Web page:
Avoid the American Express Company Stock Value Trap

American Express stock - Avoid the American Express Company Stock Value Trap

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Shares of the three major credit card companies, American Express Company (NYSE:AXP), Mastercard Incorporated (NYSE:MA) and Visa Inc. (NYSE:V), have all had a nice run since business-friendly Donald Trump was elected President. American Express stock, however, has been the clear bronze medalist, and has scarcely budged for months.

But by traditional measures, it’s also clearly the best value of the three.

American Express Stock: Cheap or Unwanted?

American Express stock currently trades at less than 12 times forward earnings estimates, or roughly half the valuations of Visa (forward P/E: 23.4) and Mastercard (forward P/E: 25.3). However, American Express is expected to grow earnings per share by more than 21% this year and by another 11% in 2019.

Both numbers trail the projected bottom-line growth in Visa and Mastercard the next two years.

Meanwhile, American Express stock has been stuck in neutral for five months, topping out at $101 and bottoming at $88, but staying in the $92-$93 range in the aggregate. During that time, MA stock is up more than 22%, while V stock has jumped 13%. So, while AXP may look like the best deal among the credit-card giants, it’s a deal because no one has wanted to touch it for months.

The reasons? For starters, EPS slipped by nearly 50% last year, in part because Trump’s corporate-tax cuts actually hurt the company. American Express had to swallow a $2.4 billion charge last year due to write downs in deferred tax assets.

Also, while sales improved in 2017 (by 4%), top-line growth trailed Visa’s (+21%) and Mastercard (+16%) by a wide margin. The latter two have managed to expand revenues every year for the last decade.

American Express failed to grow sales in 2016 or 2015. That kind of disparity becomes glaring after a few years, and AXP became known as the slow-growth (or no-growth) credit-card giant.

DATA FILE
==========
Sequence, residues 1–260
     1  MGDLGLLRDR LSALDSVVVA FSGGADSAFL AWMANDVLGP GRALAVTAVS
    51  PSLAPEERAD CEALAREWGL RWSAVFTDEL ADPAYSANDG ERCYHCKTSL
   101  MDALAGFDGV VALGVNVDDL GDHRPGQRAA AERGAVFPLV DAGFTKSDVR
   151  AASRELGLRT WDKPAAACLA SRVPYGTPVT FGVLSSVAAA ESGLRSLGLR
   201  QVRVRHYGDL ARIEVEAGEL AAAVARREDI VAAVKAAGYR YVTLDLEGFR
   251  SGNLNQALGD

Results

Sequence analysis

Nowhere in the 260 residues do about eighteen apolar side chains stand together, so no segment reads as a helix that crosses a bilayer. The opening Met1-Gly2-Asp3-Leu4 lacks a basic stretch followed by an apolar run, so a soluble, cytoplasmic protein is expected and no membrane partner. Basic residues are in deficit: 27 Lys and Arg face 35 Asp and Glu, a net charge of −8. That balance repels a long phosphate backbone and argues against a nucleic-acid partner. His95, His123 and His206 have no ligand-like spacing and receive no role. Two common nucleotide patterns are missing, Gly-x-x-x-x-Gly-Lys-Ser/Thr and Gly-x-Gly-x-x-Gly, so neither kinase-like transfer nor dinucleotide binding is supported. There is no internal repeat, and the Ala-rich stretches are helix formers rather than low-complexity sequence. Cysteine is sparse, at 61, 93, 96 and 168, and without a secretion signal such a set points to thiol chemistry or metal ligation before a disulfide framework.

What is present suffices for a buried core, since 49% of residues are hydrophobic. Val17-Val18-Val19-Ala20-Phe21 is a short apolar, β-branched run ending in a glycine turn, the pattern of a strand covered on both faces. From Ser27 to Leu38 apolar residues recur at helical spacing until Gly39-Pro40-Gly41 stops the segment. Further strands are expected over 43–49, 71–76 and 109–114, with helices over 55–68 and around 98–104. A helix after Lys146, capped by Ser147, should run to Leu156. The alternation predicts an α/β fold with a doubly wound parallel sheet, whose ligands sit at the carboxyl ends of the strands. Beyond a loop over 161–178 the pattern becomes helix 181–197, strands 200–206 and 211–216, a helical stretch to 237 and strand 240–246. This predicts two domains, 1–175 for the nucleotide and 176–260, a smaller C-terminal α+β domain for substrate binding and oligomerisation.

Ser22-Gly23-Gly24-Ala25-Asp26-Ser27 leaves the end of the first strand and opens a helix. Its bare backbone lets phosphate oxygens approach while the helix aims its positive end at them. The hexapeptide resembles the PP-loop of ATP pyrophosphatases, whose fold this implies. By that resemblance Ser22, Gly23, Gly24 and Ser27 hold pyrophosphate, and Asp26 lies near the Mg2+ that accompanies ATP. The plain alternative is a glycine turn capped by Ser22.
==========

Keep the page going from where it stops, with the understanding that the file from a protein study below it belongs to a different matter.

That narrative is a big part of why MA and V have been rising for years without much interruption, while American Express stock fell roughly 45% in 2015 and early 2016. It took the stock nearly two years to completely dig out of that hole. Since it has, AXP has stalled.

And perhaps there’s something to that: American Express has been stuck in neutral for so long as a company, with last year’s sales slightly less than they were in 2014 despite the year-over-year growth, that AXP stock cannot possibly break any higher no matter how low the valuation.

MA, V Better Buys than AXP

Add in the fact that American Express is accepted 1.3 million fewer locations in the U.S. than Visa and Mastercard, and it’s not just narrative. American Express is a distant third fiddle to those two powerhouses. Until that changes, American Express stock will also be something of an afterthought to investors who want a piece of the global payments industry.

Long story short, AXP stock may have squeezed every last drop out of its 2016-2017 rally and is now in a holding pattern until either sales and earnings pick up or one of its larger rivals slips. And that’s why, V and MA are better buys even at heightened valuations.

As of this writing, Chris Fraley did not hold a position in any of the aforementioned securities.

Article printed from InvestorPlace Media, https://investorplace.com/2018/03/american-express-stock-value-trap/.

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